What’s the best style of training for me?

There are many different styles of exercise, hundreds of different ways to train the body. How we get you to reach your goals is as unique as you are. Firstly we have to assess your current health. Are there any health issues or injuries I need to be aware of before we begin? Then we evaluate your present level of fitness, once these key issues have been discussed we can then begin to map your plan of action.

Strength Training: Strength training or resistance training as it is often referred to is about increasing or maintaining muscle mass and keeping bone density. Muscles and bone are what keep our whole body up, without a healthy skeletal system we cannot run, walk, or even stand effectively. Muscles are also important in helping the body burn up extra calories since muscles use up more energy than fat. This means the more muscle we have on our bodies the more calories our bodies will burn at rest. Strength training is essential for everyone.

Cardiovascular Training: Cardio refers to the heart, the engine that keeps this whole machine we call our body running. Without a strong, healthy heart and vascular system we run a very high risk of death. It sounds harsh because it is; there is no excuse not to take your heart and respiratory health seriously. Our lungs are just as important because without them we cannot breathe, and if we can’t breathe then we can’t make the oxygen exchange take place in our lungs. This oxygen exchange is essential; all the cells in your body require oxygen. Without it, they couldn’t move, build, reproduce, and turn food into energy.

Circuit Training: Circuit training is a combination of both Strength training and Cardio training. The idea is the challenge the muscles with resistance then add short bursts of cardio to keep the heart rate elevated between sets or at the end of each circuit. The variations are endless and the routine can be as intense as you want but paced so that you can remain energized. Circuit training is also a great way to incorporate both when you are pressed for time.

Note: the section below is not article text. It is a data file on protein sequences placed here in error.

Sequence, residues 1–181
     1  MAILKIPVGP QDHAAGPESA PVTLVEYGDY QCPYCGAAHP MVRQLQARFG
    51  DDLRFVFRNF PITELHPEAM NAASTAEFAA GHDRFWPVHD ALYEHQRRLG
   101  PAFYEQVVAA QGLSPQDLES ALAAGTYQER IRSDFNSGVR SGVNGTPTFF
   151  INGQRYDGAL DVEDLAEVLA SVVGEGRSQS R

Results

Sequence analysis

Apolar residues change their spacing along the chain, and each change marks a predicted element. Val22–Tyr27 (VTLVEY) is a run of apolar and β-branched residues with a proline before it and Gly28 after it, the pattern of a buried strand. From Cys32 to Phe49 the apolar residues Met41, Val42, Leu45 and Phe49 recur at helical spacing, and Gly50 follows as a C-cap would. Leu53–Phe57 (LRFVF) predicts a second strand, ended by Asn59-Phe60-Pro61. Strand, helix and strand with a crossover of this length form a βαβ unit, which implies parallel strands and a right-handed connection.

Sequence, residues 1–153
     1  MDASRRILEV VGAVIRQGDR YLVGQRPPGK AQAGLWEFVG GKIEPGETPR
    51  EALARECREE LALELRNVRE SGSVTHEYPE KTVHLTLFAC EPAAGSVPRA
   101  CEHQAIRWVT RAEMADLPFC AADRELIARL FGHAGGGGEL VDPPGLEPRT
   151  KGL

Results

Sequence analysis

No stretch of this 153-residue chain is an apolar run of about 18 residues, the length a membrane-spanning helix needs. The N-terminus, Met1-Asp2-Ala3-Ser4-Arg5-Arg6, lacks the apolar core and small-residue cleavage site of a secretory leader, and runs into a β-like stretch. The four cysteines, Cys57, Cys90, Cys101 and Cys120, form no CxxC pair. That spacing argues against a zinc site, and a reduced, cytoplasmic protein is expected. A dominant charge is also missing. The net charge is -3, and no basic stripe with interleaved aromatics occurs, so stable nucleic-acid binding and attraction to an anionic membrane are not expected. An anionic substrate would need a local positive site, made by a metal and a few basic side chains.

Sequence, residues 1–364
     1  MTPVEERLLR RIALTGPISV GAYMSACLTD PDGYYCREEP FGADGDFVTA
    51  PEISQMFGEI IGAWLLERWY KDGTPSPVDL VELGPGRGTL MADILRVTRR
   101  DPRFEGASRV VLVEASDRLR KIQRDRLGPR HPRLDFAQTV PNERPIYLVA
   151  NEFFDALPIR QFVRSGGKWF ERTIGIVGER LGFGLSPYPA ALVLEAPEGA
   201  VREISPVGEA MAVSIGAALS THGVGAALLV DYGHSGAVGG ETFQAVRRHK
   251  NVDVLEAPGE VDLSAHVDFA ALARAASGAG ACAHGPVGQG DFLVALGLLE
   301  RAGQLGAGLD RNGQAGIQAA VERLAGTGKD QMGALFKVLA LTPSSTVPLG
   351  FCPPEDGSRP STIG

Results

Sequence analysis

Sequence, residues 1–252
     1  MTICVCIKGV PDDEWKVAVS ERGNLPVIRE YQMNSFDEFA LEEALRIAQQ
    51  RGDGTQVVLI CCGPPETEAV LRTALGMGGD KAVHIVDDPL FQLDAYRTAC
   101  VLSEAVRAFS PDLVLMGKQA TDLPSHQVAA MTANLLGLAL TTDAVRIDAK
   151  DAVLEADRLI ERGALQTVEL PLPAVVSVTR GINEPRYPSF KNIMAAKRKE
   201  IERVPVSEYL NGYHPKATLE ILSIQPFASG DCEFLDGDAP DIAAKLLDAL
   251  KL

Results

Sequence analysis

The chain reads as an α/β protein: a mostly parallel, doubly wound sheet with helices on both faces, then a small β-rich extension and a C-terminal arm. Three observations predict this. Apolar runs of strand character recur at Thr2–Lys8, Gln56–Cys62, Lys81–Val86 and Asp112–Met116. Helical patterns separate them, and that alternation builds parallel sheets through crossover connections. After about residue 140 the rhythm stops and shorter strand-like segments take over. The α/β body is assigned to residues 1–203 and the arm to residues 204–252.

Flexibility Training: training Flexibility is often overlooked when it comes to a training program. Most people do not understand the importance of flexibility. It is a joint’s ability to move within a full range of motion. When muscles are too tight and the joint is unable to do this, it creates imbalances and poor posture that can lead to chronic conditions or even sudden injuries. When the muscles are stretched properly they can help improve posture, reduce muscle soreness and increase blood and nutrients to tissues.

Post Rehabilitation Training: posture Post rehab is an essential time to continue your training program. Most people end their sessions with their physiotherapists and forget to continue to strengthen and stretch their injury. Often times the exercises are repetitive and uneventful, but their importance can be the difference between re-injuring or not. In conjunction with caring for the specific injury site, many individuals do not know how to perform, modify, or omit other exercises as to avoid further damage.

Sports Specific Training: Sports of all kinds are very demanding on the body, and often unconditioned bodies are subject to various injuries. The goal behind sports specific training is not only to prepare the athlete (anyone who plays a sport can be considered an athlete) for effective play, but to also keep the body healthy and functional as whole. Training for any sport can overwork specific muscles, therefore it is essential to monitor programs from all aspects.

What is needed to get started?

Whether you have a lot of space or a little space, a full home gym or simply a couple of dumbbells, in home training can work for you. A lot of my training focuses on functionality and developing core strength therefore a lack of state of the art equipment does not hinder your progress or the quality of the work out.

I suggest my clients invest in a stability ball (they range approximately from $30-$70) and a few hand weights. The rest is flexible because I bring some extra training tools with me if we need to diversify or challenge the work out.

Space is nice but I have been put in many different environments and have learned to work with whatever is available. You’d be surprised with how much you can do with so little!